In Memoriam: Noted Researcher and Scholar Raja Parasuraman

Raja Parasuraman

Raja Parasuraman

University Professor Raja Parasuraman, who served as the director of the Human Factors and Applied Cognition Program and the director of the Center of Excellence in Neuroergonomics, Technology and Cognition (CENTEC) in George Mason University’s Department of Psychology, died Sunday, March 22 at age 64.

Deborah Boehm-Davis, dean of the College of Humanities and Social Sciences, had the opportunity to work with Parasuraman as a faculty member and later as the chair of the Psychology Department.

“Raja was an incredible scholar,” she says. “Perhaps more importantly, though, he was an incredible mentor, both to students and his colleagues. He led by example, and he set the bar high.”

He held appointments as professor and associate professor of psychology at the Catholic University of America, Washington, D.C., from 1982 to 2004, and as a postdoctoral fellow and assistant research professor at the University of California, Los Angeles, from 1978 to 1982.

He earned a bachelor of science degree with first class honors in Electrical Engineering from Imperial College, University of London, and a PhD in Psychology from Aston University, Birmingham, U.K.

Parasuraman studied human factors—how humans interact with machines—and cognitive neuroscience, which considers how the physiological structure of the brain affects our ability to acquire knowledge and understanding.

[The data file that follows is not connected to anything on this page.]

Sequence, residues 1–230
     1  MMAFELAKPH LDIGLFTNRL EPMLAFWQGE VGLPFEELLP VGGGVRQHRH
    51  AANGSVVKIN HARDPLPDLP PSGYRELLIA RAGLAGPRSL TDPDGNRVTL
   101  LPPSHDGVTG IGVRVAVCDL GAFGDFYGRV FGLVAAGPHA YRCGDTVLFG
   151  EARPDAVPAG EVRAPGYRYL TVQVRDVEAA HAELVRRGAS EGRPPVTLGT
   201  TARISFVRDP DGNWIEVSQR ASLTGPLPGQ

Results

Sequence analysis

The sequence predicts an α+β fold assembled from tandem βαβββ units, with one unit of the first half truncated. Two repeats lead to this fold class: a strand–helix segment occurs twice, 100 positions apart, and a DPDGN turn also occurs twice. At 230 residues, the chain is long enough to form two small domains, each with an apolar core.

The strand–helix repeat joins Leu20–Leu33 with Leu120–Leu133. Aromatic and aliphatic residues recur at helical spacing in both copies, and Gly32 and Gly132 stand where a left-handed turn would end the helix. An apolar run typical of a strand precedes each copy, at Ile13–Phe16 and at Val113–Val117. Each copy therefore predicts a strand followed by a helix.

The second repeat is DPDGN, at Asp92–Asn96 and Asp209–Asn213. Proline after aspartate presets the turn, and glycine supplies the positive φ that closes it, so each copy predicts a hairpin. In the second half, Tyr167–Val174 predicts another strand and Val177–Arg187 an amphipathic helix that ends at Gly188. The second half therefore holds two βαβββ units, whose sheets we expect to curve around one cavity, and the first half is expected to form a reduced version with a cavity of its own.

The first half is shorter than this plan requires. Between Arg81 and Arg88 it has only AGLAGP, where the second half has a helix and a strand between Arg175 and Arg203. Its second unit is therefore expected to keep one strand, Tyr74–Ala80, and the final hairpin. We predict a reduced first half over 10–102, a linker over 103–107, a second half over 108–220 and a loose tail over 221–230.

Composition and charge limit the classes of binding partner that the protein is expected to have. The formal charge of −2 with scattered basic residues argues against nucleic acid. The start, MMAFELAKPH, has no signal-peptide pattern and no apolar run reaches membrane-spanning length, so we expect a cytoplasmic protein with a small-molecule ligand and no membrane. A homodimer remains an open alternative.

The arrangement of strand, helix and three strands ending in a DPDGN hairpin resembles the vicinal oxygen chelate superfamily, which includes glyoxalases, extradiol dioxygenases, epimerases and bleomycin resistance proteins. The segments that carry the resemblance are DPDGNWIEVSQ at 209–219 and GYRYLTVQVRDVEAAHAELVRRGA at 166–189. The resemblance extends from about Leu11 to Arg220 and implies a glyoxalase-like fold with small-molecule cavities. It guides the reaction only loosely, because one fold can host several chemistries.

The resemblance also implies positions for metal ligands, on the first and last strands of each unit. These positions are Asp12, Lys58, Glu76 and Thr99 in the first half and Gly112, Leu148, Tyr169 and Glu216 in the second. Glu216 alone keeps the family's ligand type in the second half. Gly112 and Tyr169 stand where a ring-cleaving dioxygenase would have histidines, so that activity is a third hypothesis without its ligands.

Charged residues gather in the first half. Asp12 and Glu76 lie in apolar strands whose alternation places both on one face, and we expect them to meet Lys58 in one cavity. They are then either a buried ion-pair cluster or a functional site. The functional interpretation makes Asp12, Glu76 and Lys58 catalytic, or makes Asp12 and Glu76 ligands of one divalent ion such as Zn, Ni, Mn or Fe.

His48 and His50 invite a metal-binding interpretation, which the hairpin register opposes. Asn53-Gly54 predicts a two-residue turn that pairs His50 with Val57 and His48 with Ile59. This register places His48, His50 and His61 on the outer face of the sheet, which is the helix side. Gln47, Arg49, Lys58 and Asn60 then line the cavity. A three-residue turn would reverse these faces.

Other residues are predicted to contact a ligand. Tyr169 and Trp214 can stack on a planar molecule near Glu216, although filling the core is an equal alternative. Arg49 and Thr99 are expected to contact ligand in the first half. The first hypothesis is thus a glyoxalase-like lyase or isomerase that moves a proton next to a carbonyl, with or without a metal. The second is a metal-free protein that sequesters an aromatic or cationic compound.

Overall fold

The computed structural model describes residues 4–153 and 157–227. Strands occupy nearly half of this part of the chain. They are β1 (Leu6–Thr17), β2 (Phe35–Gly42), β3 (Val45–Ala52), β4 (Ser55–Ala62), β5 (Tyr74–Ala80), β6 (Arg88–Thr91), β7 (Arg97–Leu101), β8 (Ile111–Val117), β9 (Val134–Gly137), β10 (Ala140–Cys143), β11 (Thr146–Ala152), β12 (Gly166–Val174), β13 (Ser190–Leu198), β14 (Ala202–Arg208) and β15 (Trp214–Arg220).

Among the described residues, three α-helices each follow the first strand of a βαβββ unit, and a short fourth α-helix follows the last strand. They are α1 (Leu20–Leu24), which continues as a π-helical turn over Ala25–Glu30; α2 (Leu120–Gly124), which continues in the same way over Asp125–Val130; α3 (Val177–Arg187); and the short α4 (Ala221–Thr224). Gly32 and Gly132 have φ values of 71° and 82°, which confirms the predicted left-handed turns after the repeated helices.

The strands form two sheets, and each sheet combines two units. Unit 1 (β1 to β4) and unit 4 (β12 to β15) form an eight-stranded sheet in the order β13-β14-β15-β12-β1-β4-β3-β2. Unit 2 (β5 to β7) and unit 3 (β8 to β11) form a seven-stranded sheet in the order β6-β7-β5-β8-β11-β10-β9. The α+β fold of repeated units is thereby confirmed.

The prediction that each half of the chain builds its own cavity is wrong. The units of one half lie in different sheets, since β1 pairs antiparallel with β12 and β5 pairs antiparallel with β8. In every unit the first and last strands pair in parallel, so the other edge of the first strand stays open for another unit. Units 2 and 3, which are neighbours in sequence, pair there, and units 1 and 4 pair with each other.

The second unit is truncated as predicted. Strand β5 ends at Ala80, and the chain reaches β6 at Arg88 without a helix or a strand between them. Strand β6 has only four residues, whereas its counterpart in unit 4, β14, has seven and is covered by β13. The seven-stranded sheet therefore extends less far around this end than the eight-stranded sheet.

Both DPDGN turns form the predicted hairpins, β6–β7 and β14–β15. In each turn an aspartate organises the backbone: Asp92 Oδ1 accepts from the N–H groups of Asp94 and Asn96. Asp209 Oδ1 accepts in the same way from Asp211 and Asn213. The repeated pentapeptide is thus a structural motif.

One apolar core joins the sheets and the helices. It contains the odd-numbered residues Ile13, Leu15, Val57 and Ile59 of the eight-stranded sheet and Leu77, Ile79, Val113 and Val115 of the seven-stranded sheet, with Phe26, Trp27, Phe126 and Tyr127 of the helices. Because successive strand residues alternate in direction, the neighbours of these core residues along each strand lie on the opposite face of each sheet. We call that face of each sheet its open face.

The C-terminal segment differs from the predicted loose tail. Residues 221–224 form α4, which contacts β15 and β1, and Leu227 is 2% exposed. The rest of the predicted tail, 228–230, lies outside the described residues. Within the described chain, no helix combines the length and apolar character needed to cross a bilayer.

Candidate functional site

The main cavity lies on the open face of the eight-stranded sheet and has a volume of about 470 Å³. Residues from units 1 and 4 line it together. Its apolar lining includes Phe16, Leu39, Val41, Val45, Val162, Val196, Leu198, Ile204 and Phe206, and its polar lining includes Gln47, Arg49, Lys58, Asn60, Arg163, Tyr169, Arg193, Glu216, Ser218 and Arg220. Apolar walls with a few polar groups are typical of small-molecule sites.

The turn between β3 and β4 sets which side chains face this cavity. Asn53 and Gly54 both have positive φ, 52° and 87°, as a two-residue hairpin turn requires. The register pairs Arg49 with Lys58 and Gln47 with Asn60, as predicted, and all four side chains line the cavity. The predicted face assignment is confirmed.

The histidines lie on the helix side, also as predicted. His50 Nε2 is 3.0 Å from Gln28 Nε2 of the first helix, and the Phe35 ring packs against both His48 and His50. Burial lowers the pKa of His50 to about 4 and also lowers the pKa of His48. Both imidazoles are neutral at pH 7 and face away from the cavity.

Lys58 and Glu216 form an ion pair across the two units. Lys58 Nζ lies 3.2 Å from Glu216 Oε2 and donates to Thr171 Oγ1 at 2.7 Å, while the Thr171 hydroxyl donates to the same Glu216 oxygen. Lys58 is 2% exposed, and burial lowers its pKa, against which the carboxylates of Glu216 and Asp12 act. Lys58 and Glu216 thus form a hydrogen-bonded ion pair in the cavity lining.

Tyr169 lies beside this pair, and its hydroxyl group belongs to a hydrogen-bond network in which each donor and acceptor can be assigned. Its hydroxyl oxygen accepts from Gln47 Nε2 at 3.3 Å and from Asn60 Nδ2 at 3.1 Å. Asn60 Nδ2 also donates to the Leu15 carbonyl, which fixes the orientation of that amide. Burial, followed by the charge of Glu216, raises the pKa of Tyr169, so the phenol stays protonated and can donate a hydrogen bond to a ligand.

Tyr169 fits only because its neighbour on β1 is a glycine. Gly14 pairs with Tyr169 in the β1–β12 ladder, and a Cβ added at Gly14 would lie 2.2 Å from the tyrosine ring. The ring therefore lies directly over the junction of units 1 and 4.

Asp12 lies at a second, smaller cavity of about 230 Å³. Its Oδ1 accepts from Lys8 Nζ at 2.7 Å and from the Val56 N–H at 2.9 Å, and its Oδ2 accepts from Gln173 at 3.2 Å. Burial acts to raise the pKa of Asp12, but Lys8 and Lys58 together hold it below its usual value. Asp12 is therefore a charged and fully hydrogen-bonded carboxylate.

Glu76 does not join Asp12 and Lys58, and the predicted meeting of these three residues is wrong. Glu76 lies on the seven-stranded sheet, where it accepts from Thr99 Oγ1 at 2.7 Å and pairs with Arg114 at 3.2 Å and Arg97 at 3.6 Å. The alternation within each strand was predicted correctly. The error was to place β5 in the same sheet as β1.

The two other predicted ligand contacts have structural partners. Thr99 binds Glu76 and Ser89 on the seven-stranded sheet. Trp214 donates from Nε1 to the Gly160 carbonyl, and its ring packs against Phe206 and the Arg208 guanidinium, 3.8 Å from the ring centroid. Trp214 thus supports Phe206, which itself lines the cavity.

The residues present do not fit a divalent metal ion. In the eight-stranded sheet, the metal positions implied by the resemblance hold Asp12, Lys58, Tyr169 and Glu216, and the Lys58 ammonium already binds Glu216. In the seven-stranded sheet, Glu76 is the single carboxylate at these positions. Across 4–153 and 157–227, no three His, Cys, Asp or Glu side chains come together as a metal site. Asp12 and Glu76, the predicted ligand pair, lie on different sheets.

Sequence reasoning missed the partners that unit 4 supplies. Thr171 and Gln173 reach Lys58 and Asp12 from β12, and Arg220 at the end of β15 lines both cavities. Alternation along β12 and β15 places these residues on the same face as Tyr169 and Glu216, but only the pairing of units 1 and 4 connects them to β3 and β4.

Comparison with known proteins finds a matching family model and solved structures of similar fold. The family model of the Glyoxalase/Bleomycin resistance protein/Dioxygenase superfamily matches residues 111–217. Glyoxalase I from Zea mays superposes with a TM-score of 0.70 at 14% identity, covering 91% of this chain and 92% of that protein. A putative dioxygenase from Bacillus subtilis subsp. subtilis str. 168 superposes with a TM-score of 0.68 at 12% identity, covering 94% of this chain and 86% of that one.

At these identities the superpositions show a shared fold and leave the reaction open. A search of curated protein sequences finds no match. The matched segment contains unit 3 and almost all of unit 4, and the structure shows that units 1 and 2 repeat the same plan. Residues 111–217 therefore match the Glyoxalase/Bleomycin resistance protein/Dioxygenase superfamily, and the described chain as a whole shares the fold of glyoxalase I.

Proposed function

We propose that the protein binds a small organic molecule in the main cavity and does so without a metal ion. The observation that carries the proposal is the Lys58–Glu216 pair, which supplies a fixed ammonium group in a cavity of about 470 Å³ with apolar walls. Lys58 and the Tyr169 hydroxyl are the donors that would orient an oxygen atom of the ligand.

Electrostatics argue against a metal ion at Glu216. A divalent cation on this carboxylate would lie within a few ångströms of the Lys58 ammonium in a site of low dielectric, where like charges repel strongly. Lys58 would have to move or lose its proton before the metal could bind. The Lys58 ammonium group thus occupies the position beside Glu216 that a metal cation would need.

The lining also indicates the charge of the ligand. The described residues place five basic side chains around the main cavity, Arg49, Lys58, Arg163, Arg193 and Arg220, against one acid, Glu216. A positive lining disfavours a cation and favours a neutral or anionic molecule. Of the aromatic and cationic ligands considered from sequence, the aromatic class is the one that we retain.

In particular, he looked at how human attention, memory, and vigilance affect performance when people work with automated and robotic systems.

He coined the term “neuroergonomics,” which he defined as understanding the mind by studying the brain (neuroscience) and understanding the mind in relation to work and technology (ergonomics). His research included work on automation, aviation, and aging, and it considered how theoretical principles concerning human interaction with mechanical systems could be applied to solving practical problems.

Parasuraman served as a member of the National Research Council’s Panel on Human Factors (Board on Human-Systems Integration) from 2000 to 2007 and as chair from 2001 to 2005.

He was on the editorial board of numerous journals. He was elected a Fellow of the American Association for the Advancement of Science (1994), the American Psychological Association (1991), the American Psychological Society (1991), the Human Factors and Ergonomics Society (1994), the International Ergonomics Association (2006), and was a National Associate of the National Academy of Sciences (2001). He was the recipient in both 1997 and 2001 of the Jerome H. Ely Award for best paper in the journal Human Factors.

In 2004, he received the Franklin V. Taylor Award for Lifetime Achievement in Applied Experimental and Engineering Psychology from the American Psychological Association (Division 21). In 2006, he received the Paul M. Fitts Education Award from the Human Factors and Ergonomics Society for his mentorship of students.

He received the Outstanding Faculty Award in 2009 from the State Council for Higher Education for Virginia.

In 2010, he received the inaugural Raymond S. Nickerson Award for Best Paper in the Journal of Experimental Psychology: Applied by the American Psychological Association, and the Admiral Kollmorgen Spirit of Innovation Award for Contributions to Neuroergonomics from the Augmented Cognition Technical Group of the Human Factors and Ergonomics Society.

His recent awards include the Triennial Outstanding Educators Award from the International Ergonomics Association and the Celebration of Scholarship Award from Mason’s College of Humanities and Social Sciences (both in 2012).